Viele Mazedonischen Wein Hersteller, verlieren wegen Betrug ihre Lizenzen

Posted on Dezember 13, 2011 von


12 DEC 2011 / 09:49

A quarter of Macedonia’s wineries face closure this year – ironically after government advertisements used the example of wineries to encourage entrepreneurship.

Sinisa Jakov Marusic

Twenty-two out of 84 registered wineries in the country have recently been removed from the list of registered wine producers run by the Ministry of Agriculture because they failed to pay farmers for the grapes they had purchased.

“With their removal [from the list], they lose their licences to produce wine,” Besir Jashari, state secretary in the ministry, confirmed.

Ironically, a recent government-run TV commercial drew on the example of the wine-making business to inspire people to start their own businesses.

In the commercial, a family is sh0wn holding a house party and after all the guests praise their homemade wine, they decide to make a business out of it.

“We will all help,” one relative of the grandfather whose wine they have just tasted, exclaims with enthusiasm.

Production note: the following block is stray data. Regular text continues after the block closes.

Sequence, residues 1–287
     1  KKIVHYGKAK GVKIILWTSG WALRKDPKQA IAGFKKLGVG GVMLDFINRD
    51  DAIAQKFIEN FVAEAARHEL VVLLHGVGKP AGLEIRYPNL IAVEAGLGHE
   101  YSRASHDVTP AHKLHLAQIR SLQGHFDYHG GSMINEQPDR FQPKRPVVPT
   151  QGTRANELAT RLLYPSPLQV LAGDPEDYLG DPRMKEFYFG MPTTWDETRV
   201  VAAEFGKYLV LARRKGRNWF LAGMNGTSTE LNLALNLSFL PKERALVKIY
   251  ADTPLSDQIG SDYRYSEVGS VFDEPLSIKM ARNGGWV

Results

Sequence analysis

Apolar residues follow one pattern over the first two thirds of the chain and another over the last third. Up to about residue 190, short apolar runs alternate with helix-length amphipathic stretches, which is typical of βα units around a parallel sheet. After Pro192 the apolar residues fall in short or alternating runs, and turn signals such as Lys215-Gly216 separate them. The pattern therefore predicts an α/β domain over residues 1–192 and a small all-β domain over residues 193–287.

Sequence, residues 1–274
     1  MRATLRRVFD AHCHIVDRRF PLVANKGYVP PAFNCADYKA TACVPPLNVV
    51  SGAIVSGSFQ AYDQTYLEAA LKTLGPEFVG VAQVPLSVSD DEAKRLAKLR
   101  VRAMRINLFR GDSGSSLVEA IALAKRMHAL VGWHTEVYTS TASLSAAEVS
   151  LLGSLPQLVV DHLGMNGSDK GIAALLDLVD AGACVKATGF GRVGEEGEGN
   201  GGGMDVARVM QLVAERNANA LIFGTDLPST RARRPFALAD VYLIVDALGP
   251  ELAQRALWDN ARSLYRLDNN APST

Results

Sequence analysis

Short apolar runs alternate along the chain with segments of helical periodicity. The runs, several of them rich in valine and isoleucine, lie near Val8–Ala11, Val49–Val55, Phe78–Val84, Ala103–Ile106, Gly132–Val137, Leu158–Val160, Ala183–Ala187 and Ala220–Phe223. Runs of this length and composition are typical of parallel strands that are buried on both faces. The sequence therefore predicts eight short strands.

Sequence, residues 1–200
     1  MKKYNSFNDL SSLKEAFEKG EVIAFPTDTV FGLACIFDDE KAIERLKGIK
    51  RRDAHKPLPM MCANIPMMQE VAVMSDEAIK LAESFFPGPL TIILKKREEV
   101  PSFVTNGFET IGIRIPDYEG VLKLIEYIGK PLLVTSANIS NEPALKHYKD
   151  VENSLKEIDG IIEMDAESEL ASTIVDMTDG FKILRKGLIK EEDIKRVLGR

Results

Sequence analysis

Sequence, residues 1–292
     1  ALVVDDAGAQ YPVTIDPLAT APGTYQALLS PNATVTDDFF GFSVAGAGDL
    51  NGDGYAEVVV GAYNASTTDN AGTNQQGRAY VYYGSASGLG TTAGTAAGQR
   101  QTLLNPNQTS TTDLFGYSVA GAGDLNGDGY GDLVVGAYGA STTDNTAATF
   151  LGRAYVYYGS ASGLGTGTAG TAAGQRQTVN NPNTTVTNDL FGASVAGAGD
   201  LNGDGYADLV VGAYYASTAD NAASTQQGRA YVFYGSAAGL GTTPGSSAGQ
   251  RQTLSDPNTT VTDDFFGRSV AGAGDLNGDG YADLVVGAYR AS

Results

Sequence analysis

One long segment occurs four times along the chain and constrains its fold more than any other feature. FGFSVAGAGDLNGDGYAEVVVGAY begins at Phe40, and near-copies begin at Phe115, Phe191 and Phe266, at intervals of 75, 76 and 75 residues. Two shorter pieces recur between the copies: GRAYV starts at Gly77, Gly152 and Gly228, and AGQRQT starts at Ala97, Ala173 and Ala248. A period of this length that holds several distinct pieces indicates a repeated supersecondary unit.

The next scene shows the grandfather and his nephew as successful businessmen, already running their own winery.

Balkan Insight contacted some small wineries that face closure but none wanted to speak openly of the problems they face.

But, talking off the record, some say that starting a successful wine business is a lot harder than the commercial suggested.

They say it is expensive to start a wine producing company and that conditions on the world market make it hard to achieve a breakthrough and get a decent price.

“The biggest wine markets, like Europe and the United States, have been flooded with cheap new quality wines from India, Africa and China, and this lowers the prices,” one owner of a small company from Macedonia’s Tikvesh wine region complained.

The fact that Macedonians themselves prefer consuming beer to wine does not help sales, he added.

Wine is the second largest agricultural export from Macedonia after tobacco. Macedonia annually exports 120 million litres but only a small portion of it this bottled and branded and sells for a higher price.

Most of the wine goes to countries of the European Union and Macedonia is still among the five largest wine exporters to Germany.

Mihail Petkov, a professor at the Faculty of Agriculture in Skopje, urges wine makers to focus on expanding its grape crop and make better use of state help to promote sales abroad.

“The world market will eventually stabilize and Macedonia can find its place in it,” he said.

The Ministry of Transport has recently put 41 locations on sale, intended for new vineyards.
In addition, the government last year started offering subsidies to grape producers and it is also devising a wine export strategy.


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